WHO: Richard Pevear and Larissa Volokhonsky
WHAT: FIFTY-TWO STORIES by Anton Chekhov
WHEN: Published by Knopf April 16, 2020
WHY: “A welcome gathering of work by an unrivaled master of the short story form.
“The indefatigable translating team of Richard Pevear and Larissa Volokhonsky deliver a first-rate collection of Chekhov’s stories that highlight their ‘extraordinary variety.’
“In his lifetime, Anton Chekhov (1860-1904), physician and writer, was accused of immorality because he wrote of the lives of little people with little problems rather than taking the god’s-eye perspective of a Tolstoy. His reply: ‘What makes literature art is precisely its depiction of life as it really is.’ Pevear and Volokhonsky select stories — happily, one for each week of the year — that express that devotion to realism, even if sometimes broadly satirically.
“The first piece, from 1883, depicts the bursting-at-the-seams pride of a young man whose name has appeared in the newspaper, even if it’s not for reasons to be proud of: It seems that he was drunk and ‘slipped and fell under the horse of the cabby Ivan Drotov,’ then was clonked on the head by the axle. He can’t wait to tell the neighbors. Chekhov notes that he’s a ‘collegiate registrar,’ which, Pevear and Volokhonsky helpfully gloss, is at the bottom rung of the czarist civil service. In another story, ‘Fat and Skinny,’ a difference in rank takes on great importance: Old friends meet. One, it turns out, is a ‘collegiate assessor,’ a rung up the ladder, and forced to supplement his meager income by making wooden cigarette cases. ‘We manage somehow,’ he sighs, while his portly friend allows that he’s ‘already a privy councillor,’ third from the top and requiring the use of the term of address ‘Your Excellency.’
“Encounters between young and old, rich and poor, country and city people mark these stories, though perhaps the best of them is an odd, longish yarn called ‘Kashtanka,’ about a young dog, ‘half dachshund and half mutt,’ whose master, ‘drunk as a fish,’ loses her, whereupon the dog undergoes a series of adventures worthy of Pinocchio. It’s a marvel of imagination.” —KIRKUS, a starred review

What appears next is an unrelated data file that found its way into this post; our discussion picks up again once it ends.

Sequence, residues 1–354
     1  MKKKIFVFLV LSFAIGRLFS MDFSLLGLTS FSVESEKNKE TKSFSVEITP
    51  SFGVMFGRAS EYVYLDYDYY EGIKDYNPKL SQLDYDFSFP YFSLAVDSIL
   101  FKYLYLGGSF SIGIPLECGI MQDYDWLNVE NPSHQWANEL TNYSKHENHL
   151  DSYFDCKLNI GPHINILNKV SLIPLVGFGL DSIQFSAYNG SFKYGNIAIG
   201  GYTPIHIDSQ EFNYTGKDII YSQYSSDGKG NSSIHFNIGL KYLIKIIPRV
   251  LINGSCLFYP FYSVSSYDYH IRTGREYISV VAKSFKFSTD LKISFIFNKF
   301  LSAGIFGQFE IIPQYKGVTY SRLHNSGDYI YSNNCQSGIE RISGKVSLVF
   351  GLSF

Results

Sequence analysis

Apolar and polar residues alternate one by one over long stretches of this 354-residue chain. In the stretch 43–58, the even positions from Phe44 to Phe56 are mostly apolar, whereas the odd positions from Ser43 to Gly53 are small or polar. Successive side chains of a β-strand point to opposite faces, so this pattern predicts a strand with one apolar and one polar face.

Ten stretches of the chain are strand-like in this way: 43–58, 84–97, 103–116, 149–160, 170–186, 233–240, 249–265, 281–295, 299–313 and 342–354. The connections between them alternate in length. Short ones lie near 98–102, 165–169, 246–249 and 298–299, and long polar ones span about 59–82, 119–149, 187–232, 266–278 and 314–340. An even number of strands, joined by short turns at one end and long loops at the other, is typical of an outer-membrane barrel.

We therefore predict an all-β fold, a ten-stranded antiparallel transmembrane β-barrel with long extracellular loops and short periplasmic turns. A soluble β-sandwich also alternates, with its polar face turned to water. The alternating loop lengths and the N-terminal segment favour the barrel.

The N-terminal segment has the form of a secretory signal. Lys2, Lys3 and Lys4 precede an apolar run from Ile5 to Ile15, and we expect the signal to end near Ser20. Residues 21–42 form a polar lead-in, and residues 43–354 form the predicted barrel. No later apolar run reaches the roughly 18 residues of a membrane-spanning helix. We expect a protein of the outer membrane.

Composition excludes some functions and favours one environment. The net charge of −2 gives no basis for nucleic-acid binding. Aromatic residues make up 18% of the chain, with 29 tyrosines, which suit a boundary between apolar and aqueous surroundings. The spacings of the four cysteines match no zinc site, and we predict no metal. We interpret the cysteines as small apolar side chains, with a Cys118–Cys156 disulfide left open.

. . . . .
FROM THE PREFACE:
Our intention in making this collection has been to represent the extraordinary variety of Chekhov’s stories, from earliest to latest, in terms of characters, events, social classes, settings, voicing, and formal inventiveness. By chance the selection came to fifty-two stories—a full deck! But, as Chekhov once wrote, “in art, as in life, there is nothing accidental.”
When Chekhov began to write humorous stories and sketches, he thought he was doing it simply for money. And so he was. His father’s grocery business, in their native Taganrog, on the Sea of Azov, had gone bankrupt in 1876, and to avoid debtor’s prison the family had fled to Moscow, where Chekhov’s two older brothers were already studying at the university. Chekhov, who was sixteen at the time, stayed behind to finish high school, supporting himself in various ways, one of them being the publication of humorous sketches in local papers, signed with various pseudonyms. In 1879 he graduated and moved to Moscow himself, where he entered medical school, and where his writing, still pseudonymous, became virtually the sole support of the family—mother, father, four brothers, and a sister.
Chekhov paid no attention to the artistic quality of his sketches; he simply tossed them off, sometimes several a day, and sent them to various daily or weekly humor sheets, whose editors gladly printed them. But his true artistic gift—innate, intuitive—showed itself even in the most exaggerated, absurd, and playful of these early jottings. They were mainly jokes, often satirical, but he also played with words in them, for instance in naming his characters. In “At the Post Office” (1883), the postmaster’s name is Sweetpepper and the police chief’s name is Swashbuckle. The French tutor in “In a Foreign Land” is Monsieur Shampooing, the French word for shampoo. Corporal Whompov is the heavy-handed officer in the story named for him. In “An Educated Blockhead” (1885), the name of the accused is Slopsov and the justice of the peace is Sixwingsky, suggestive of a seraph. In “Romance with a Double Bass” (1886), the main character, owner of the double bass, is named Bowsky, after the instrument’s articulator; we also run into such men as Buzzkin, Flunkeyich, and Flaskov. And there are others. These names have almost always been simply transliterated in English, giving no hint of their literal meaning in Russian.
Knopf. 528 pages. $35 ISBN 978-0-525-52081-8
To interview the translators, contact:
Kathy Zuckerman | 212-572-2105 | firstname.lastname@example.org